European Commission President Ursula von der Leyen has warned member states that getting supplies of COVID vaccines from illicit trade entails considerable risks for human health.
“I’ve heard of incidents and that doses have been offered,” the head of the EU executive told a press conference on Wednesday (17 February), adding that there is a growing number of cases of fraud and fraud attempts related to the vaccines.
She said the Commission is fighting this trend, supporting the efforts of the European anti-fraud office OLAF, who is currently investigating and giving member states advice on how to identify vaccine-related fraud.
“Our goal is to bring [fraudsters] to justice and to really go in-depth in these matters,” von der Leyen said.
On Monday, OLAF said in a note that several cases have been reported of fraudsters offering to sell vaccines to governments struggling with the slow roll-out of vaccines needed to innoculate their citizens.
“In a crisis like this, you will always have people who seek to benefit or profit from the problems of others,” said von der Leyen.
According to OLAF, fraudsters are offering to supply governments with large quantities of vaccines, showing a sample in order to pocket the first advance payment and then vanishing with the money.
For von der Leyen, being offered such products by unknown traders offers no guarantee that the vaccine is really in the vial.
The anti-fraud office also said that fraudsters may deliver batches of fake vaccines, or may purport to represent a legitimate business and claim to be in the possession of or have access to vaccines.
“If you buy vaccines on the black market, you take the risk if anything happens,” von der Leyen warned governments, adding that there is no assurance, for instance, whether the cold chain distribution necessary with complex vaccines like the mRNA ones has been respected.
She also recalled that a vaccine consists of injecting a biologically active substance into a human being and introducing another substance would constitute a huge responsibility.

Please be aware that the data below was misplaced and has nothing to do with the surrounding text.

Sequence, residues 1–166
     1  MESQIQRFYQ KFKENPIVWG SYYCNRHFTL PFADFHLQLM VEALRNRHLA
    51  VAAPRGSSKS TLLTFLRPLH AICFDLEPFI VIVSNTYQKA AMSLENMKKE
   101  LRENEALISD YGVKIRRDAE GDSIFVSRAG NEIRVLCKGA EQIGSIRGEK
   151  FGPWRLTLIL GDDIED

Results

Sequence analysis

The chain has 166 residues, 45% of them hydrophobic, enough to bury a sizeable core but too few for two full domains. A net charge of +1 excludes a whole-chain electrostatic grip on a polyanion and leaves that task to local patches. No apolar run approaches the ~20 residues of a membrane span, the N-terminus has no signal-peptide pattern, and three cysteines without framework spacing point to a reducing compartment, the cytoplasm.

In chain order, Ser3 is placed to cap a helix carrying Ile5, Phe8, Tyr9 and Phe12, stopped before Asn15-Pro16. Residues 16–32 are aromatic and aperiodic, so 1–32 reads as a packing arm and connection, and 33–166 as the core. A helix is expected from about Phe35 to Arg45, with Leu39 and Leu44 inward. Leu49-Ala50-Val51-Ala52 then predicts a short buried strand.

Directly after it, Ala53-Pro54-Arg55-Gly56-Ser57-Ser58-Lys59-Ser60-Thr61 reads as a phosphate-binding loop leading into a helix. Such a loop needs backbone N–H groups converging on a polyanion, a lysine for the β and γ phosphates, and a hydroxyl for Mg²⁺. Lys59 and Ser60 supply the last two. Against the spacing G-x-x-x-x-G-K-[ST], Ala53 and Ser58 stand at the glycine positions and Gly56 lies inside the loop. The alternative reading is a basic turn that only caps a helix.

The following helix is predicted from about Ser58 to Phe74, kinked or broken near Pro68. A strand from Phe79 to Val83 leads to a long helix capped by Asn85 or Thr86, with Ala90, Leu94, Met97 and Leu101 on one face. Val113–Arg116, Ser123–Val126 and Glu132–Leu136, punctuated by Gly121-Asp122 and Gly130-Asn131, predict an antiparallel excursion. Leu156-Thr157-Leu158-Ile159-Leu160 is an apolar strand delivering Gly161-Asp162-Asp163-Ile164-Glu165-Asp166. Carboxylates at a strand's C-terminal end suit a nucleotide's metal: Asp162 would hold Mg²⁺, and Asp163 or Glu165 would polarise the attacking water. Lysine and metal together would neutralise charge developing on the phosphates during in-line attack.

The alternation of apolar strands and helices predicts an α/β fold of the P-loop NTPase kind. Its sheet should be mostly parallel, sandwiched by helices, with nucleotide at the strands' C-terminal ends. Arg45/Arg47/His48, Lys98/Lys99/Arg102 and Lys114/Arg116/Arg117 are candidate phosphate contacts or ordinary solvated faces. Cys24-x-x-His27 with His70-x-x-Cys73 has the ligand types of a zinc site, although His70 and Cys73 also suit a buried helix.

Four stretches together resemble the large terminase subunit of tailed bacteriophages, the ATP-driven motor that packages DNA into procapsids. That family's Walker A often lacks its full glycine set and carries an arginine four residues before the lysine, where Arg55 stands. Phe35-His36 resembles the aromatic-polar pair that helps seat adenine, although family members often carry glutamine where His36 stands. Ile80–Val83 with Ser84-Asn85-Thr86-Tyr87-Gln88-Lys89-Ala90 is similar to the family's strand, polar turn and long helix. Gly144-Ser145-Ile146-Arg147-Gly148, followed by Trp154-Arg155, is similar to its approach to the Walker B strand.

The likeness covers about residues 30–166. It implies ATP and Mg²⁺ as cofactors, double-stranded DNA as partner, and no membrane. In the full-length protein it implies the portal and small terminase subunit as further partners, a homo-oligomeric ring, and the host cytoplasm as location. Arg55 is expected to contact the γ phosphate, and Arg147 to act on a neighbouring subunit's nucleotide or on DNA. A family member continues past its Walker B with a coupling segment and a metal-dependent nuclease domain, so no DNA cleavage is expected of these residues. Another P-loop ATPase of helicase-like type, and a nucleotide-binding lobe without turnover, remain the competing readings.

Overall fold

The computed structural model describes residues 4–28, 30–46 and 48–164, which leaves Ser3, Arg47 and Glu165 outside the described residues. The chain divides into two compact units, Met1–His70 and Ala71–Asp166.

Last week, the Czech Republic’s Prime Minister Andrej Babiš told the Czech parliament that together with three other EU leaders, he was offered to sign separate COVID-19 vaccine agreements, outside of the EU deal framework.
“While AstraZeneca was refusing to deliver to the EU 80 million doses, we received repeated offers of this vaccine – not only me but three other prime ministers in Europe – even before the start of deliveries [to the EU],” Babiš told Czech lawmakers, referring to an offer that came from an intermediary from Dubai.
British-Swedish pharmaceutical AstraZeneca denied it had offered anyone in the EU separate deals for COVID-19 vaccines.
“Our current focus is delivering on our substantial global commitments to governments and international health organisations, as quickly as possible to help end the pandemic; as such there is currently no private sector supply, sale or distribution of the vaccine,” AstraZeneca told EURACTIV.
“If someone offers private vaccines, it is likely counterfeit, so it should be refused and reported to local health authorities,” the company added.
In Italy, two intermediaries of pharmaceutical companies reportedly offered 27 million doses of the COVID-19 vaccine to the north-eastern Veneto region.
“Our hope is to have discovered a new supply way, which all Italy can benefit from,” said Veneto President Luca Zaia of the right-wing Northern League.
Italian daily La Stampa reported that one million doses have been offered by a Brasilian trader to Italy’s special commissioner for COVID-19, Domenico Arcuri, as well as to the country’s Lombardy region.
Both AstraZeneca and Pfizer strongly denied they are supplying the private market, and stressed that during the pandemic they do contracts only with governments.
In the press conference on Wednesday, EU health Commissioner Stella Kyriakides confirmed once again that the EU’s Medicines Agency (EMA) has not yet received an application for a rolling review or for conditional market authorisation for Russia’s Sputnik vaccine.
“We still wonder why Russia is offering, theoretically, millions and millions of doses while not sufficiently progressing in vaccinating the own people?” commented von der Leyen.
[Edited by Zoran Radosavljevic]